The urgent advice I'd offer Biden to lead a torn country?
Only half of us feel like we can breathe; and that’s the problem
Hi friends, what an Inauguration week! As an American, I’ve never been so grateful for a peaceful transition of power. Now that it feels safe to exhale, I’m realizing how taxing this political cycle has been on my body. And as a leadership coach & organizational change consultant, I’ve been asked — how would I coach Biden through this fraught transition? Well, I humbly share my thoughts below. As always, if you’re enjoying this newsletter about how to move forward in these turbulent times, I’d appreciate your help in encouraging others to subscribe so that we can have a different kind of dialogue! Much love, M.
This week’s commentary: Only half of us feel like we can breathe at a time; and that’s the problem.
As a woman of color from a family of illegal immigrants, I exhaled for the first time in four years after Wednesday’s blissfully peaceful transfer of power.
In watching a fellow woman of color sworn into the executive branch, I cried.
And in hearing Biden speak so plainly from the heart, I was overjoyed — a mature, empathetic leader in the White House!
There were many times over the last four years where I questioned whether I could belong in Trump’s America, and whether I’d be safe. (e.g., After Trump’s “kung-flu” rhetoric, there was a significant rise in hate crimes against Asian-Americans.)
And as I’ve written about before (here and here), many who voted for Trump are also likely wondering what’s going to happen to them in a country that doesn’t seem to welcome them anymore? The same cycle of outrage, contraction, and grief that I went through four years ago, many Trump supporters are likely going through right now.
When half the country doesn’t feel like they can belong if the “other” is in power, only half of us can breathe at a time.
As long as we’re in a framing story based in scarcity where “power over” (aka, supremacy) is the only way to feel safe, we’re never going to find a way to live together. We’re just going to flip-flop roles in an endless fear-based drama of victim vs perpetrator.
Being stuck — personally or collectively — is a sign that our stories have become too small.
Just like crustaceans who regularly shed their shells to grow, we need to shed the old “I win, you lose” framing. In a zero-sum mindset, our nervous systems get stuck in chronic fight/flight (in what I’ve previously called reptile culture here). It’s exhausting! And when we’re constantly in survival mode our higher-order mammalian capacities — like empathy, collaboration, and creativity — go off-line.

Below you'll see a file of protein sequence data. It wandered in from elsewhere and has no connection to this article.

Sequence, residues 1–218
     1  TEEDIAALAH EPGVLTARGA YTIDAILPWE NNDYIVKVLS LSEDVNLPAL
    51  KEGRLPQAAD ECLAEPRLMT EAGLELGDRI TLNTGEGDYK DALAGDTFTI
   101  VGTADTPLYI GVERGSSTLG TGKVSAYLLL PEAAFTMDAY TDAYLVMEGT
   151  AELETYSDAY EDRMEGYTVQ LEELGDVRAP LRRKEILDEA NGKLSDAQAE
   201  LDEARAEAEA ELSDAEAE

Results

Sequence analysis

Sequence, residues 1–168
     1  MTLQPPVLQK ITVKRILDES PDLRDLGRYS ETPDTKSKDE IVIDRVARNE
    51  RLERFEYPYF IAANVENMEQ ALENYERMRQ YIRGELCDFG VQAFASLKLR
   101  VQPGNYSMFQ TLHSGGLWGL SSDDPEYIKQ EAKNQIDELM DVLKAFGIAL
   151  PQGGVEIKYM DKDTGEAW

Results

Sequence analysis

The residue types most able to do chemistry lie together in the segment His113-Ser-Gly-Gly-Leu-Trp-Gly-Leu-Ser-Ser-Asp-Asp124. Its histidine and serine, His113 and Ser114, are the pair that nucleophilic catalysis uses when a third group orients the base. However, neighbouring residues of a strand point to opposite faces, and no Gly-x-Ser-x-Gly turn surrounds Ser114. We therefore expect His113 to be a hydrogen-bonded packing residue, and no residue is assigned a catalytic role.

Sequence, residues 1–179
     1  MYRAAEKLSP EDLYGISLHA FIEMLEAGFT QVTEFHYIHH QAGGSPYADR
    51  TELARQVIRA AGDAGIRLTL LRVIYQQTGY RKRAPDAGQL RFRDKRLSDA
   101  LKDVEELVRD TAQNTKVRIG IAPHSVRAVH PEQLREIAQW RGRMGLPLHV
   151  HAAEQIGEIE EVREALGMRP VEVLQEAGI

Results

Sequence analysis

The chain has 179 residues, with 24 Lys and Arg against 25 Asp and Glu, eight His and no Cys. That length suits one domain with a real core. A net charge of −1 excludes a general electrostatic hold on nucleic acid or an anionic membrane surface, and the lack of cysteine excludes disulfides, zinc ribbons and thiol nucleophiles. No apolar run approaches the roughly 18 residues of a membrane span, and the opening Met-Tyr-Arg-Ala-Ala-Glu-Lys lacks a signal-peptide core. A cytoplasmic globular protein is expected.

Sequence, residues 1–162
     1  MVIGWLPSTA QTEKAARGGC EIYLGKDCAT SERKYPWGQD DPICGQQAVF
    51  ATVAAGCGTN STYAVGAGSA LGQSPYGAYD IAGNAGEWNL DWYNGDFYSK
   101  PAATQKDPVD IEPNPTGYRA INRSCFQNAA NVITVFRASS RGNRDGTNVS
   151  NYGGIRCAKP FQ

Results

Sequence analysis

So in a country where only half of us can breathe at a time, how should Biden lead?
1. Biden needs to let go of old mental models of leadership.
Rather than see the country as a machine that needs to be fixed, he needs to see the country as an organic (living, breathing) system that needs healing.
The prevailing mental model of leadership stems from the industrial age where the challenges leaders faced were akin to running a factory — complex, but possible to tame with enough technocratic rigor and management “science”. This was the approach I learned as a McKinsey consultant and as a Harvard MBA. And from what I hear from friends in Washington DC circles, it’s the lens that the many McKinsey-esque Obama-era alums now joining the Biden administration see the world through.
The reality is that we can’t always solve things mechanistically through “science”. For example, as I wrote about last week (here), QAnon supporters genuinely believe they’re patriots; sharing more facts or analysis won’t change this.
To be fair, the technocratic approach to management is good for certain types of problems. For example, rolling out large scale infrastructure projects to get people working again and improve the economy’s competitiveness is something that Pete Buttigieg — an ex-McK’er leading the Department of Transportation — is positioned to do well.
But the key as a skillful leader is to recognize: what kind of challenge do we face, and what’s the right mental model to address it?
The truth is that our most vexing challenges as a country relate to healing our deep divisions.
And if what we most need is healing, well then, Biden needs a completely different paradigm and set of strategies. The most beautiful Excel models and project plans are never going to meaningfully help us transform as a nation.
Rather, in the words of noted child psychiatrist and prolific author Dr. Dan Siegel —
“Health in living systems is determined by the level of interconnection between disparate parts”.
At the level of the brain, mental health and capacity for complexity is predicted by the density of neurons between different parts of the brain. At the level of family, cohesion and love are a function of quality of presence and attunement between parents and children. And at the level of a country, social coherence and adaptability depend on the depth of relationships across disparate groups.
By contrast, chaos and rigidity are symptoms that the system is unhealthy or has experienced trauma. They’re signs that things aren’t flowing smoothly because there are either blockages or insufficient connections.
Ultimately, healing means bringing things that were once disconnected back into relationship. And this is what all time-tested healing traditions do.